Where is Golgotha, where Jesus was crucified, located in Jerusalem? In their Archaeological Views column “Golgotha: Is the Holy Sepulchre Church Authentic?” in the May/June 2016 issue of BAR, Marcel Serr and Dieter Vieweger discuss past and current investigations into the site where Jesus was crucified.
It’s not just visitors to the island, but also locals, that often don’t realise just how special and treasured the island’s religious heritage really is, with a whopping ten churches on the official UNESCO Heritage List. Nestled within the greenery of the Troodos Mountains (in the Pitsilia, Solia and Marathasa region) they were built and painted between the 11th and 16th centuries, made from ‘unfinished’ local stone. A real Byzantine treasure trove, the buildings have remained largely unchanged for centuries, standing proud as one of the greatest concentration of churches of the former Byzantine Empire. And once you step inside these quaint buildings, you’ll find yourselves ogling at colourful frescoes depicting scenes from the Old and New Testaments, saints and sinners and, interestingly enough, portraits of the earthly patrons and ladies of the church. Floor to ceiling, wall to wall, the images can be overwhelming at first. To really appreciate the artistry on display,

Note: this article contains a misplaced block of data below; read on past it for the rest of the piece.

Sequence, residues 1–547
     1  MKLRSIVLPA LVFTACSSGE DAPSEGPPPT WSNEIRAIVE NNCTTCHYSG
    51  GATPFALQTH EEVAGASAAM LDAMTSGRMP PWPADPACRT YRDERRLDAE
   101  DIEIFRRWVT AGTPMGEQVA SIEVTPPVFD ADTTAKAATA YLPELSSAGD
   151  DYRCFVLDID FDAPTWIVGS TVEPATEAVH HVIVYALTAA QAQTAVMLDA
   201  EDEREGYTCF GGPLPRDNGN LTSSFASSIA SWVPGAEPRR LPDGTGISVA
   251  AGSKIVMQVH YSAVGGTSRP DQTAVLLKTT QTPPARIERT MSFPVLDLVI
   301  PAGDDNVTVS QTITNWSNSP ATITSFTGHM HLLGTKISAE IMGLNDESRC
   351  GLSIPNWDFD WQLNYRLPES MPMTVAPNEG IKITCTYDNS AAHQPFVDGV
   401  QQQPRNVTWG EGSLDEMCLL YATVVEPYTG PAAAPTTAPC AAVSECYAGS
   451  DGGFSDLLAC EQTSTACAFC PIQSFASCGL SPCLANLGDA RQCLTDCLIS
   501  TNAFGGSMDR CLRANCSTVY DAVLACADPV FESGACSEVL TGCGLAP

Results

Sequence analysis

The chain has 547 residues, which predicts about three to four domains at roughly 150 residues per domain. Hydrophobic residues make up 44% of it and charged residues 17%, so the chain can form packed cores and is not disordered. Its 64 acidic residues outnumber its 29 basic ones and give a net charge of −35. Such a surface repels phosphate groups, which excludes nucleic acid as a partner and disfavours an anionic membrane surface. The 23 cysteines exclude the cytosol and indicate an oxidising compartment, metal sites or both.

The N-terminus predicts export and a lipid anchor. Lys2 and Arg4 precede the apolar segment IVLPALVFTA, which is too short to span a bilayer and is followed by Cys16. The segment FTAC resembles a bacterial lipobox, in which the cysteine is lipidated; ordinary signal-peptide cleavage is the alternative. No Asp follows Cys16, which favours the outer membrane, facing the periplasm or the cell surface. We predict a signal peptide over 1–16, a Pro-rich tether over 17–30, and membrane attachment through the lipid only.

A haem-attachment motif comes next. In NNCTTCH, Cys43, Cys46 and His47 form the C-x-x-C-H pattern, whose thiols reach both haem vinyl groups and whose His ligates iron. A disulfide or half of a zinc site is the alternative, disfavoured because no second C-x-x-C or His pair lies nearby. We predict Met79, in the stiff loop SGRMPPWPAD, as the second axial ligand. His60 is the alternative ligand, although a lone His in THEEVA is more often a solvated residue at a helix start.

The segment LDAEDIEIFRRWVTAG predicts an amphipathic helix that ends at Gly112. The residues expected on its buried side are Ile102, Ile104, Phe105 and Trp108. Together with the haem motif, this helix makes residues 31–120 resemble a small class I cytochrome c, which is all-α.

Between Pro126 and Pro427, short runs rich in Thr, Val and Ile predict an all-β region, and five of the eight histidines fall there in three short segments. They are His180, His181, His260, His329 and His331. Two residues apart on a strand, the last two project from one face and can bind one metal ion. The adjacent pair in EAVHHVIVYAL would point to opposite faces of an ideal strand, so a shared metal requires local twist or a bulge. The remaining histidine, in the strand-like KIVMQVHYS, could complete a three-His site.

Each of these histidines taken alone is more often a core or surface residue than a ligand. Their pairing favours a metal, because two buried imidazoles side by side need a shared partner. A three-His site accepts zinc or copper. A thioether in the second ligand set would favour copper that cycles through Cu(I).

The Greek Orthodox monastery of the God-trodden Mount Sinai is located at the very place where God appeared to Moses in the Burning Bush, beneath the Mount of the Decalogue. In the providence of God, it is at this site also that the holy relics of Saint Catherine are enshrined. This is the oldest continuously inhabited Christian monastery, with a history that can be traced back over seventeen centuries. The monastery predates the divisions of the Christian world, its origins extending to late antiquity.
The Greek Orthodox Church of Jerusalem is considered the “Mother Church” of the Holy Land. The biggest single group of Holy Land Christians belongs to this Church and many Christians who belong today to other Churches have their origins in the Greek Orthodox Church. The Greek Orthodox Patriarchate of Jerusalem sees itself as a direct descendant of the chair of St James the Apostle, venerated as first bishop of Jerusalem. The Church celebrates its liturgy in the Byzantine rite, whose original language is Greek, and follows its own calendar of feasts, preserving the Julian calendar (that is thirteen days behind the Western (Gregorian) calendar.